Sensory Play Activities for Early Years
Sensory play is a term used to describe any type of activities that appeal to one or more of the five senses. It can be divided into five broad categories; sight, sound, taste, auditory, and smell. Activities can be planned by early years workers and parents to provide babies and children with exciting new experiences, to build their vocabulary, improve their knowledge of the world and gain insights into their own likes and dislikes.
Here are some suggested activities that are designed to specifically appeal to one of the senses:
Sight is the most commonly stimulated sense. From birth, babies are given brightly coloured objects to look at. Sight is one of the most important senses and is an intrinsic part of most childhood activities. These fun activities are designed to help children develop their visual skills:
Sight Sensory Bottles
Encourage children to have fun experimenting by filling plastic bottles with water and adding food colouring, glitter, washing up liquid to create bubbles. Children can learn by observing bubbles, mixing colours and watching glitter sink to the bottom of the bottle.
Lights and Torches in the Dark
Set up a den in one corner of the room, with dark blankets or sheets and provide plenty of torches, nightlights, and fibre optic wands. In winter, when the evenings are darker, take the oppertunity to go for a walk in the dark with torches and watch the stars.
Prisms, Crystals, Mirrors
Introduce young children to the wonders of physics by shining a light through a prism, so that it splits and creates a rainbow. You could make visually stimulating mobiles by attaching crystals and mirrors to a mobile; on a sunny day, the light will magically bounce around the room in an entrancing way.
Targeted auditory sensory activities are an excellent way of improving children’s listening skills, which are invaluable to life. Try the following activities to further enhance these skills:
- Go on a listening walk – encourage children to notice and count all the sounds that they hear around them on a walk outside.
- Provide access to musical instruments. Set up a table with a wide range of simple musical instruments, such as drums, tambourines, ocarinas, although you might want to avoid screechy descant recorders for your own sanity!
- Play different genres of music to children and discuss how it makes them feel.
If you’re considering re-designing your nursery to include more opportunities for sensory play, be sure to make an appointment with one of our expert childcare equipment advisors.
Taste sensory activities are a fantastic opportunity for children to experiment with different tastes and textures of foods. Prepare a special tasting session for toddlers with items from each category of taste: sweet, sour, salty, savoury and bitter. Examples of foods that you could include might be mango, lemon, pretzels, unsweetened cocoa, and salty popcorn. Invite a discussion about the various foods to extend their vocabulary.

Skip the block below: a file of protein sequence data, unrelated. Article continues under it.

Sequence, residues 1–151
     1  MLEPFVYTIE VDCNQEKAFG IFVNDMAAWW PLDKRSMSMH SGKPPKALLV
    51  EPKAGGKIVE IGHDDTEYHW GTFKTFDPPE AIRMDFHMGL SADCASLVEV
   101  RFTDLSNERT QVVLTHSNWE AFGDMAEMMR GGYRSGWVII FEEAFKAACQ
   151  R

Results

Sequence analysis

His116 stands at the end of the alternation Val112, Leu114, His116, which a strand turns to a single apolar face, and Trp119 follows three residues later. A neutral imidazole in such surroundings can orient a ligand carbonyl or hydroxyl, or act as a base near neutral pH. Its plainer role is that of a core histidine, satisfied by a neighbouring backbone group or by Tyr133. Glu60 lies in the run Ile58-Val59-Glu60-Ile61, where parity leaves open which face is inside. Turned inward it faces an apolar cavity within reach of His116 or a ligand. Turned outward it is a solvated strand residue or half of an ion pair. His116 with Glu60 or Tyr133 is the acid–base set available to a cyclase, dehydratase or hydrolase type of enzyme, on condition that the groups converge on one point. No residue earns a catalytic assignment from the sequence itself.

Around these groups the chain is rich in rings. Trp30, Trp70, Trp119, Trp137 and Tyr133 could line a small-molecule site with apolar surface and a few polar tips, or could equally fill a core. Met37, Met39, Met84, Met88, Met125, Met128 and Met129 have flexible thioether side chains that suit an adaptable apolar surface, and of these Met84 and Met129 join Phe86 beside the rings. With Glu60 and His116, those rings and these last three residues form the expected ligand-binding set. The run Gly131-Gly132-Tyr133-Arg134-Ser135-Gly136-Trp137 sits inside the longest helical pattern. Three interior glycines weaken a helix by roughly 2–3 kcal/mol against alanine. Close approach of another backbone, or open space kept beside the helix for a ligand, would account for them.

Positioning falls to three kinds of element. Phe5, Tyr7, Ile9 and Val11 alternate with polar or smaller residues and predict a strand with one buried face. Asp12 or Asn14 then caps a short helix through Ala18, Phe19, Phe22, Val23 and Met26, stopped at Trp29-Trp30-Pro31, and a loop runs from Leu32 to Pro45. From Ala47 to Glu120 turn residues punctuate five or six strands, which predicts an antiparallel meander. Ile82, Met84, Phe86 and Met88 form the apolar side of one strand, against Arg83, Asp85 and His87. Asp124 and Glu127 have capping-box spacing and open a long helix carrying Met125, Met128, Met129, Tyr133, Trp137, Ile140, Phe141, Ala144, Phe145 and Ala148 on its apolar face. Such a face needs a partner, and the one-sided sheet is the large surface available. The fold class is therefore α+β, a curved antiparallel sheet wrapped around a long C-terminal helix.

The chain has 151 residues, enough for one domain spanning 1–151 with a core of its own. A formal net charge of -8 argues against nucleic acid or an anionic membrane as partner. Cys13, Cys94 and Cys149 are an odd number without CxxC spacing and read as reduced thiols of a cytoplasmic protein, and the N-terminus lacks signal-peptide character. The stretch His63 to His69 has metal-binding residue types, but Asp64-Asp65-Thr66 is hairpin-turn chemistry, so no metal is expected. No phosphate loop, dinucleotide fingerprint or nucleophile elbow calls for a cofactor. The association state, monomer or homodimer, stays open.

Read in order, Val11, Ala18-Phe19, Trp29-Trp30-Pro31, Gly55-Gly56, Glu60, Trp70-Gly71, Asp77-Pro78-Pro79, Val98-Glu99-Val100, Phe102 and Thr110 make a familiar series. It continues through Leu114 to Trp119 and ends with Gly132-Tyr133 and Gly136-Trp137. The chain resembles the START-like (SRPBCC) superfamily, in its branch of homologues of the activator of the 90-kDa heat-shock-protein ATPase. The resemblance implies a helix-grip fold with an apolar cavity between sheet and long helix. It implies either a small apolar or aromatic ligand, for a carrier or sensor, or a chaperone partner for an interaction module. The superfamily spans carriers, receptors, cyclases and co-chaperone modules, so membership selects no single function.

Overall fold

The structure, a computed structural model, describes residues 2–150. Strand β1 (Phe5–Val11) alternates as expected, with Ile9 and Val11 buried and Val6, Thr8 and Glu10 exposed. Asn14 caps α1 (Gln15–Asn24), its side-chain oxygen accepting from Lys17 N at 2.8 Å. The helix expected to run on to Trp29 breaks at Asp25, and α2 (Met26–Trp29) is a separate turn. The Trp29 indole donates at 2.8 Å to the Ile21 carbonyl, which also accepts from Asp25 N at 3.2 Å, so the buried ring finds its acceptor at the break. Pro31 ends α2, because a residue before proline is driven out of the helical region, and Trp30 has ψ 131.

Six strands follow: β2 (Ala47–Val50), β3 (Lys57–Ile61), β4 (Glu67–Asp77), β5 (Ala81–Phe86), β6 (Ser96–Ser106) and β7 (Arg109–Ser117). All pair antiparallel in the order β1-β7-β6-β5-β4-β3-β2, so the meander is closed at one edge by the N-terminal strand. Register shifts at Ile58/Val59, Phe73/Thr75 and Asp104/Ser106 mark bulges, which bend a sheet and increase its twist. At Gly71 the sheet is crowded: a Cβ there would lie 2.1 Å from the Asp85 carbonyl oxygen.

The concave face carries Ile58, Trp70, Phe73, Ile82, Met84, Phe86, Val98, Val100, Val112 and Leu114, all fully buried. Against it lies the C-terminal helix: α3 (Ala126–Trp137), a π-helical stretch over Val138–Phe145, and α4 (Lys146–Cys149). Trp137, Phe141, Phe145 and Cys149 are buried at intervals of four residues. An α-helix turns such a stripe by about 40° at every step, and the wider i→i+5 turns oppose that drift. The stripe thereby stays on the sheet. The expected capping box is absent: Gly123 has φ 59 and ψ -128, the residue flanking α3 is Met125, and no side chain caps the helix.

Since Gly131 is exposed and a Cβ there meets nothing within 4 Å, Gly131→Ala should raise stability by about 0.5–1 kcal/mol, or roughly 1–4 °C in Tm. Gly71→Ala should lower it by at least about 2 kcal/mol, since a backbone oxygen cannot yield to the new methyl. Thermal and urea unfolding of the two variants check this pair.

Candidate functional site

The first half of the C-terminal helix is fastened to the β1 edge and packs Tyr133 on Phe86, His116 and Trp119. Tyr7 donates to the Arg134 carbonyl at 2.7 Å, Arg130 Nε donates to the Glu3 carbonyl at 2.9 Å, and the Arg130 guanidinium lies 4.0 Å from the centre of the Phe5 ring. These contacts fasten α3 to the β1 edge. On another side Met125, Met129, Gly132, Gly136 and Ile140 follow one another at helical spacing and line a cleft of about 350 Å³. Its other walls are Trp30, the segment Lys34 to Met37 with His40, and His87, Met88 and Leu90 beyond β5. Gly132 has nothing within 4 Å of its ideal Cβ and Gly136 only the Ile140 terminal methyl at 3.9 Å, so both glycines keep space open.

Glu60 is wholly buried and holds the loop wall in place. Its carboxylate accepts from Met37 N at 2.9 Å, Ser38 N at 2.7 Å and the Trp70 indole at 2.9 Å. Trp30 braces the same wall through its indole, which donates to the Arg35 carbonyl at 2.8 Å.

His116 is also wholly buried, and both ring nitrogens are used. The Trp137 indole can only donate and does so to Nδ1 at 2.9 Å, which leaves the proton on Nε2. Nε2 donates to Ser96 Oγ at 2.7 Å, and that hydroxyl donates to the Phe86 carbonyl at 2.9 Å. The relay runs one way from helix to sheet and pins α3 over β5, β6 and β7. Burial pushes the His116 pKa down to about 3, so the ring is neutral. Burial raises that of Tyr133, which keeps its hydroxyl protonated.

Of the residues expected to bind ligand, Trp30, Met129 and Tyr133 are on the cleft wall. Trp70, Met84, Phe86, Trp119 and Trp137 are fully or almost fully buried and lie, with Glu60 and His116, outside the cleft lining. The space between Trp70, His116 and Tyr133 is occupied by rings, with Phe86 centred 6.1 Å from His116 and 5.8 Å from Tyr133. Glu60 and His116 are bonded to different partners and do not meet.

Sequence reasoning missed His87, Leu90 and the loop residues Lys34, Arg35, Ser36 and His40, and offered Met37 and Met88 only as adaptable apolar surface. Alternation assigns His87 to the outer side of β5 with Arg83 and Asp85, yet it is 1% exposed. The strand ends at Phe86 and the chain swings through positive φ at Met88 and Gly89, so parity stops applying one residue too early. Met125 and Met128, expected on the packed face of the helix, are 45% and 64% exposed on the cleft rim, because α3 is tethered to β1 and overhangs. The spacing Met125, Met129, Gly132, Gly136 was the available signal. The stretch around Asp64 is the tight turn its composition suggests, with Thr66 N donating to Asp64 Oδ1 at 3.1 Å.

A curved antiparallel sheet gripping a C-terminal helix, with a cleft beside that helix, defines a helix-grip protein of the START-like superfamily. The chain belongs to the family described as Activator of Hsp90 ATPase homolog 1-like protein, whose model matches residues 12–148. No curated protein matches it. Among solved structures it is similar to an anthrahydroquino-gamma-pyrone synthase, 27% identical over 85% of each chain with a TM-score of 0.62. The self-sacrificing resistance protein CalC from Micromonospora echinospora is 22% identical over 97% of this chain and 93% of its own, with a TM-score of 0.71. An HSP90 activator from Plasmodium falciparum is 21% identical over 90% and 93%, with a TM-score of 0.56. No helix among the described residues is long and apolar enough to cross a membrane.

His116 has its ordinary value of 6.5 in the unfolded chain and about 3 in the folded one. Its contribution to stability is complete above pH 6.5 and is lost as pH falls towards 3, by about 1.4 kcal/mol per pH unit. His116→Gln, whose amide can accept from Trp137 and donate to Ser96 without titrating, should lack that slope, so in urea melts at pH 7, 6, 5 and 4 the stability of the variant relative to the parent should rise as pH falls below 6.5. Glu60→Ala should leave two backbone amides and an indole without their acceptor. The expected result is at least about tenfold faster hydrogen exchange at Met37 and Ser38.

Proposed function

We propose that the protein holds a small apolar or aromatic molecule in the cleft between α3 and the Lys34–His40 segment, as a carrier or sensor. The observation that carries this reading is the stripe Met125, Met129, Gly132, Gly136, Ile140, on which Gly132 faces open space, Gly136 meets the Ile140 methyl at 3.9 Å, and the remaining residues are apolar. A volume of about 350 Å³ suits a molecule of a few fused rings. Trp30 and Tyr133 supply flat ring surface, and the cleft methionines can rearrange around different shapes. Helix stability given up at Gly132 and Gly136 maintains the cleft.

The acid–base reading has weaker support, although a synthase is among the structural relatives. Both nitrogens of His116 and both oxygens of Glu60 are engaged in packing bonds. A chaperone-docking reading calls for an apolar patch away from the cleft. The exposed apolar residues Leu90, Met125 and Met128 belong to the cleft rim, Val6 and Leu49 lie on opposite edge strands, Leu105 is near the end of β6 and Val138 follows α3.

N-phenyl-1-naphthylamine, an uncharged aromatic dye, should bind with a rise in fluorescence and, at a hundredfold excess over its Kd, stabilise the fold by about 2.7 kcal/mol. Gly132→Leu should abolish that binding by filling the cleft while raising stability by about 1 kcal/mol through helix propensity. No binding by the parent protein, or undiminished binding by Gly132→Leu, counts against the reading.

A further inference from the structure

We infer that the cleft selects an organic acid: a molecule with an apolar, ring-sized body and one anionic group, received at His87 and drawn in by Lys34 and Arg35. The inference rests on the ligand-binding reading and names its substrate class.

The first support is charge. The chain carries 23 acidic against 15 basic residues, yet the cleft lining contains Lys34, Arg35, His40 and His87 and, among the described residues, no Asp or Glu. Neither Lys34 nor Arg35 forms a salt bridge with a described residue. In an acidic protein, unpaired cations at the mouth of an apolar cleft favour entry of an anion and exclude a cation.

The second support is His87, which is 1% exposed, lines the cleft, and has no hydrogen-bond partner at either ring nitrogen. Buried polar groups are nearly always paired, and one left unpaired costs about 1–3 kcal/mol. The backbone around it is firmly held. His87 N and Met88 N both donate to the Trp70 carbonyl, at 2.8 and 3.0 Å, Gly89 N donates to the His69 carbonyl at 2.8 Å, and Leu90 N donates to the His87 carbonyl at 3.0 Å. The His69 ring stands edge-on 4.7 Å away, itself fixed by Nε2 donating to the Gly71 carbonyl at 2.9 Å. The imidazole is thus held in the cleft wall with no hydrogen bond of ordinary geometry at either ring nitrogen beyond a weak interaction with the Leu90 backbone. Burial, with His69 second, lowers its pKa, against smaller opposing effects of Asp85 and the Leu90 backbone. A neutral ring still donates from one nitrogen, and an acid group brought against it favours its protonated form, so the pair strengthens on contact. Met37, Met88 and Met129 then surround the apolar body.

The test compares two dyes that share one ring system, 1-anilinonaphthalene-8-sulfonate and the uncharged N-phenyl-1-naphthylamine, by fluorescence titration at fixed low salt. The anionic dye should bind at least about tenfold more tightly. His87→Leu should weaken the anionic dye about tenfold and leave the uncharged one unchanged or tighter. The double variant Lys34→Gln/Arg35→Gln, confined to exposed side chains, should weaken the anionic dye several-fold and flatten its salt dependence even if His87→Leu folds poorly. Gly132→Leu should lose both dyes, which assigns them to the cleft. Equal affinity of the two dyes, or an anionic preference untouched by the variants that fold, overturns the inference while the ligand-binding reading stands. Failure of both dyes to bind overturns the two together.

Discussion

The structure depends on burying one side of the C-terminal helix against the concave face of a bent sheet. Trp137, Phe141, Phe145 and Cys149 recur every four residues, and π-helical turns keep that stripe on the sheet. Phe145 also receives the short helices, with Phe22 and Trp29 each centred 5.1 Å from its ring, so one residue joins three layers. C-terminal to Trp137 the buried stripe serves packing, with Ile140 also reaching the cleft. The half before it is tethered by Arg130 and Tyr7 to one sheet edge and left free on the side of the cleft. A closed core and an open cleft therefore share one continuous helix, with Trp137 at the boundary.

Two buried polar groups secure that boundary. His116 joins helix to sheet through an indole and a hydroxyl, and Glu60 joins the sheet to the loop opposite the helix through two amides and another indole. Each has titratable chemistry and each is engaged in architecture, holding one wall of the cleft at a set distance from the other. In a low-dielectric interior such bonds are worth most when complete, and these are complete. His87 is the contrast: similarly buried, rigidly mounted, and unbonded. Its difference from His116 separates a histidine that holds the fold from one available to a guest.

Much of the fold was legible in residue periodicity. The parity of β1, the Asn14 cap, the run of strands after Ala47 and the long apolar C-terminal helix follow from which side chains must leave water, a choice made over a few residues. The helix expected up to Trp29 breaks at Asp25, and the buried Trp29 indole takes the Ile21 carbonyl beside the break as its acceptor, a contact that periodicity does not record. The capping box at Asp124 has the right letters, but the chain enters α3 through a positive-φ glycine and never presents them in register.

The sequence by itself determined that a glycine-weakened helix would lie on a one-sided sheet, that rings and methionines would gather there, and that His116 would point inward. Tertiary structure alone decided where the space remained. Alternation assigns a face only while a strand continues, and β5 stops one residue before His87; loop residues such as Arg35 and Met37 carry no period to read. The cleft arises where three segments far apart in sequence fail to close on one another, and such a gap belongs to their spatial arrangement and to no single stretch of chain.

Children’s sense of smell is closely connected to their sense of taste and is linked to cognitive development. It also has strong associations to memory and emotions.
Add a few drops of essential oil to playdough; the scent will be released when the dough is played with. -this activity is great for developing the senses of smell and touch!
Babies love exploring treasure baskets; introduce deep baskets containing safe and interesting objects for them to independently explore with their hands. Try creating a fragrant treasure basket with interesting smelling objects, such as a sweet smelling lump of beeswax, an orange or a pine cone.
In the early years world, sensory play has become almost synonymous with messy play activities, such as shaving foam, finger paints and hiding small objects in compost. Although there is certainly plenty of value in these activities, some young children dislike the sensation of wet and gloopy textures. There is, however, much more to touch/sensory play activities than messing around with cold spaghetti or finger paints.
The benefits of tactile sensory play can enormously help cognitive and physical development, especially soft play activities, which involve children immersing themselves in ball pools, squeezing through narrow tunnels and jumping onto soft mats – great for developing full body gross motor skills and confidence. In the summer, a day at the beach offers multiple sensory activities; the feel of the warm sun on skin, differing textures of wet and dry sand, and the sensation of cold waves on toes.
Take pre-school children on a texture walk to spot things with differing textures, such as a rough stone wall, a prickly holly leaf, a smooth metal gate. One tried and tested way of getting children to notice textures and to encourage creativity, is to use wax crayons and paper to make a rubbing of the surface of a dry leaf or stone. Simple but effective!